Guys, guys, guys... let's just call it what it is.  You may like it and you may even like the RP implications of it--I'm happy for you.  However, that in no way changes its nature.  I wouldn't probably criticize it all had it been announced prior to my pledging because I probably would not have pledged.  I am not a hardcore RPer; I like my lazy RP tools.  That isn't to say I wouldn't have picked the game up later to scratch my Overwatchian itch, but I digress.   Yet, I have faith that ACE will do the best with it that they can, and I still hope that some CW rulesets will off set it a bit. 


The Artist Formerly Known as Regulus

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    I've been following Crowfall for some time now, I was a huge fan of ShadowBane and I love the hardcore aspects of Risk vs Reward.

Eve online, UO, ShabowBane, Mortal Online, SWG.  Ive always leaned more towards games with a penalty more than Xp/Equip degrade upon death. Full Loot drops, partial loot drops, destroyed ships...  Something were dying sucks, but still fun enough to make you go out and PvP.  Losing all your stuff isnt the greatest, but when you win, the reward is just that much better. I don't hate carebears, I just don't want the game to focus around them.  If they don't want to risk their items to get better items, then getting Legendary tier items should be out of their grasp.

 

 

When i first heard about Crowfall the game to me, sounded like a Multi Faction moba with a persistent universe always fighting for territory. You had your own kingdom where friends can come visit and you can set up shops, buildings and do what ever you want in your X by X land to an extent. When your Faction(or God) is battling for more control, you can enroll to various skirmishes varying from Carebear status to Full Loot deaths.

 

Looking at the game now, I am still excited to play and experience what this game has to offer; I am hesitant though. Vessels, Different Gods, I am trying to figure out how all that will play out.

 

     What i see the game being is:

 

You start the game as a Crow(soul ripped from hell/heaven) by various Gods that try to make you fight for them, then you choose your alliance to[more to the affect of how Factions are with Eve Online] . There would be Nine or more Gods all various back stories, affiliations with other Gods and each God would have two allies and two enemies[baha'i star]. Yet if you decide to choose a God you seem is awesome but your friend chooses a God that isn't affiliated with it, you could defect/apostate and join your friend, similar to being a freelance mercenary or sellsword.

 

The game would play similar to Guild Wars 2 or ESO PvP map, you would have multiple points of interest that needs to be taken. Some would be resources, that would periodically send shipments to the home base, Which could be intercepted by an enemy faction and stolen if not protected(this would give smaller groups that couldnt siege a point of interest a feeling of helping their cause) Some would be Garrisons that would periodically spawn fighters and siege weapons to push forward towards their enemy(but not being truly able to siege a fortified structure without Crows help). Others could be keeps that could lock down and send defenders back towards their allies.  A constant battle would be going; at a stand still until Crows get involved.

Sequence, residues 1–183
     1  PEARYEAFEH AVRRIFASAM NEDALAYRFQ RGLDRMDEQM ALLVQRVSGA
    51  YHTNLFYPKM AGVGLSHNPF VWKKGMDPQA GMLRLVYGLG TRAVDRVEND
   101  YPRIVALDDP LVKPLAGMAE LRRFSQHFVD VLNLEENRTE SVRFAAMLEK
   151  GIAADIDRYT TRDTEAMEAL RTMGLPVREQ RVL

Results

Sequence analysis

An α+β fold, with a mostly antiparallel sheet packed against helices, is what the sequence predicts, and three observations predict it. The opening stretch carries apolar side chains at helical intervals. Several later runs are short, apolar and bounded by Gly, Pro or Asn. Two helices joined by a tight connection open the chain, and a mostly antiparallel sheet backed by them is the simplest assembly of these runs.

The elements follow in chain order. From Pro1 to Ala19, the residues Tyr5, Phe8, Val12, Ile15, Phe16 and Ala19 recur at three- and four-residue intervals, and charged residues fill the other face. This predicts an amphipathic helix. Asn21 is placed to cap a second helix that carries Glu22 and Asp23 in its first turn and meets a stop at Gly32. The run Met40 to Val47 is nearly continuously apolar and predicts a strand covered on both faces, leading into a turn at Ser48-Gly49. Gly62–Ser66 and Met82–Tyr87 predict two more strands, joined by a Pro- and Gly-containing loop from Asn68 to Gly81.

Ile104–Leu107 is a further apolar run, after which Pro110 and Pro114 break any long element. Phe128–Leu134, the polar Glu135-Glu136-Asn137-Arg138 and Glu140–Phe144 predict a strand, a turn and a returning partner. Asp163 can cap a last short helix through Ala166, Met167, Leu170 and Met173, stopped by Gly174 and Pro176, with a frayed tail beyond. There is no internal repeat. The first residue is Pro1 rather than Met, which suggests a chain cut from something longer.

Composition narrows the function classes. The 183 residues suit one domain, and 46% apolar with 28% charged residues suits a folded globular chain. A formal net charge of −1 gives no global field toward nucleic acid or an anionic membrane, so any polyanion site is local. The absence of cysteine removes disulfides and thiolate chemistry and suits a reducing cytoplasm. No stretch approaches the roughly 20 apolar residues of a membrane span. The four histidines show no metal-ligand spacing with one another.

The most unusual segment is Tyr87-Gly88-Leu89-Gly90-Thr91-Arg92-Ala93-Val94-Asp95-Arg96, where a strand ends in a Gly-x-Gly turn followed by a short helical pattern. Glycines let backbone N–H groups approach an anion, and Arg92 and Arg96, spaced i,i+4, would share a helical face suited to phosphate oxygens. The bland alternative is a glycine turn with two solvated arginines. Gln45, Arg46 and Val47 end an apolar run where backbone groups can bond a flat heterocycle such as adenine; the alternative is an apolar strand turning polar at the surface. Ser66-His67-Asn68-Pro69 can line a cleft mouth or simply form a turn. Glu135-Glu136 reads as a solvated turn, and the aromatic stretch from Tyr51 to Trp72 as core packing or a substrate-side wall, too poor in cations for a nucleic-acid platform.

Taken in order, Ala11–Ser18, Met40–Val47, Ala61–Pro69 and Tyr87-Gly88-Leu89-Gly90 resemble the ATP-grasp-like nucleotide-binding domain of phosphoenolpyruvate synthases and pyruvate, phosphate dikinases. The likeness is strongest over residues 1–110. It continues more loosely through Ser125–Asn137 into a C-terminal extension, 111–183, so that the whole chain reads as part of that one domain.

Vessels... i feel should play similar to Eve Onlines ships, you can outfit them, store them and can take them to battle. But if in a Hardcore skirmish, dying would mean losing them, the Crow would be expelled from the Vessel and the victor would be able to loot the spoils, only a limited amount of the dead Crows items should be able to be taken and the rest become broken scrap. This would cause problems.. Thus, items should be relatively easy to acquire, only legendary items should take time to get. When you first start the game, the Crow acquires a green tier vessel of their choosing. All white tier vessels should be free and available at their EK or the skirmishes home base. Unless the Skirmish type states otherwise. When acquiring a new vessel, they should also come equipped with standard gear so players can readily get back into battle.

 

    Yet I have no idea where the direction of the game is going since it is evolving every day with new ideas and concepts.

 

Sir this is a mcdonalds drive thru window


The most important thing is to enjoy your life - to be happy - it's all that matters. - Audrey Hepburn “:♡.•♬✧⁽⁽ଘ( ˊᵕˋ )ଓ⁾⁾*+:•*∴